Figure 3b shows the time series of mass fraction for BC, OA, and NO3 in Experiment 1, which showed that all three main components kept stable mass fraction before aging. After aging, the OA mass fraction decreased from 89 to 84%, while the NO3 increased from 4 to 13%. BC dropped down from 6 to 0%.

The time series of mass concentration and mass fraction of Experiment 2 were quite similar with those of Experiment 1 (Fig. 3c, d). For the main chemical components, the mass fraction of OA decreased and NO3 increased which might cause the hygroscopic feature of the particles to change.

The elemental ratios of the burning grass particles calculated using the SP-AMS measurements are shown in Fig. 4a, b. The O:C ratio of the particles in Experiment 2 was higher than in Experiment 1, while both of them increased upon aging. For example, in Experiment 1, the fresh particles emissions had an O:C ratio equal to 0.28, while the chemical aging of the particles resulted in an increase of the O:C ratio by approximately 50 to 0.41% (Fig. 3). This meant that OA in the aerosols became more oxidized and expected to be more hygroscopic.
Fig. 4

O:C ratios calculated using Aiken et al. (2008) method for a Experiment 1 and b Experiment 2. The yellow shadow means a HONO and b H2O2 injection, and the green shadow means the UV light was turned on

4.3 CCN Activity

The fresh particles from Experiment 1 were CCN active because they contain some water soluble components. The average activation ratio for fresh particles was 39% at 0.2% supersaturation and 68% at 0.4% supersaturation (Fig. 5a). The particles became more CCN active after aging, although the fraction of CCN active particles decreased immediately following the aging process because of nucleation leading to new smaller particles formation, but it rapidly increased again after NPF following the aging process. The particles activated at 0.2% supersaturation increased from 37 to 76% and from 60 to 82% at 0.4% supersaturation in a few hours. The activation ratio results changed slightly in Experiment 2 (Fig. 5b), it increased much less and remained more stable than those in Experiment 1 because there was no nucleation occurring.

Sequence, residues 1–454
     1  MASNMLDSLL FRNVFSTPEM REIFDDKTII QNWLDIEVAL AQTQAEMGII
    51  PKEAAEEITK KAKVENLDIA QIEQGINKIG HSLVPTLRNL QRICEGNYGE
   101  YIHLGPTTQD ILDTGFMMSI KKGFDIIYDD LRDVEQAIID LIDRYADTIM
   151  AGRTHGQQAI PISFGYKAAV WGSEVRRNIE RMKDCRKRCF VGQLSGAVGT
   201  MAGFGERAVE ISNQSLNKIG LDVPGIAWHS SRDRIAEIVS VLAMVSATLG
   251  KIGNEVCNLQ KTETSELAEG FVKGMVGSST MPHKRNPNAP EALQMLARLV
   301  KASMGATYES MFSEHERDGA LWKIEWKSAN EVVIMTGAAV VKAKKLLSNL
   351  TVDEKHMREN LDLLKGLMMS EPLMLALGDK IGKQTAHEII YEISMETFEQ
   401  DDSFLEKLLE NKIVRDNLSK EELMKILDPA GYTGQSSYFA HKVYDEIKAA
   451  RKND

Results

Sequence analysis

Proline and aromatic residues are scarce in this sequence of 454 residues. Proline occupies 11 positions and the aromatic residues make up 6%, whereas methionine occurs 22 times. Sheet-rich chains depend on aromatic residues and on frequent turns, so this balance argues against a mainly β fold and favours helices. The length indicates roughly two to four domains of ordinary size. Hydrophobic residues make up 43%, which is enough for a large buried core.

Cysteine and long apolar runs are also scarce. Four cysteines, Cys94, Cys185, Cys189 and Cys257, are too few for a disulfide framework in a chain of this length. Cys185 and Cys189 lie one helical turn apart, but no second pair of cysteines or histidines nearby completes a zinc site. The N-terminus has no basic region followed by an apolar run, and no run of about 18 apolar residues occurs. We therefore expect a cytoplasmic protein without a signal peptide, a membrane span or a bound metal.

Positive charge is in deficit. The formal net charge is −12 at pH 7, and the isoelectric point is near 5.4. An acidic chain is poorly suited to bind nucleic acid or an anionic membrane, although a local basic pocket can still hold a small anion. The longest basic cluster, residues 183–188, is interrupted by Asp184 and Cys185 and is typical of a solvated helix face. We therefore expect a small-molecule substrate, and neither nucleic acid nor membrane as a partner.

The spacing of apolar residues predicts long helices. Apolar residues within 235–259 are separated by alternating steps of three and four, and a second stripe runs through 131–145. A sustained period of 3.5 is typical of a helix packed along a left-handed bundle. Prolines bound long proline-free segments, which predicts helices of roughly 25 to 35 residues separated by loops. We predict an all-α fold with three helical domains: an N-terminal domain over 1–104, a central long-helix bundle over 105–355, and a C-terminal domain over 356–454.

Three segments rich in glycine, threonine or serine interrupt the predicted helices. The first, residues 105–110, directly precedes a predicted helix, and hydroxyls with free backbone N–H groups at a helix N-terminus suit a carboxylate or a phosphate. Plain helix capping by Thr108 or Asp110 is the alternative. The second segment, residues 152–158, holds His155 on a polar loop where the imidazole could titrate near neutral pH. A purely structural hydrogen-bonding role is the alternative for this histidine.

Fig. 5

Time series of a activation ratio and c activation diameter for Experiment 1; b activation ratio and d activation diameter for Experiment 2. The yellow shadow means a and c HONO, b and d H2O2 injection. The green shadow means the UV lights were turned on. The red points correspond to results at supersaturation 0.2% and blue points correspond to 0.4%

The average activation diameter was 114 nm at 0.2% supersaturation and 67 nm at 0.4% supersaturation in Experiment 1 (Fig. 5c). After aging, the activation diameter at 0.2% supersaturation decreased from 114 to 88 nm and from 67 to 61 nm at 0.4% supersaturation in this experiment. The activation diameter was a little larger in Experiment 2 (Fig. 5d) than that in Experiment 1, but the overall trends were similar in both experiments.

The change in CCN activity for both experiments was consistent with the chemical changes of the particles (Figs. 2 and 3). For example, in Experiment 1, when the UV lights were turned on, the OA mass fraction decreased, but O:C ratio increased, meaning stronger oxidation extent. At the same time, the NO3 fraction increased very fast. The aging process changed the chemical composition of the particles, which caused the particles to become more CCN active.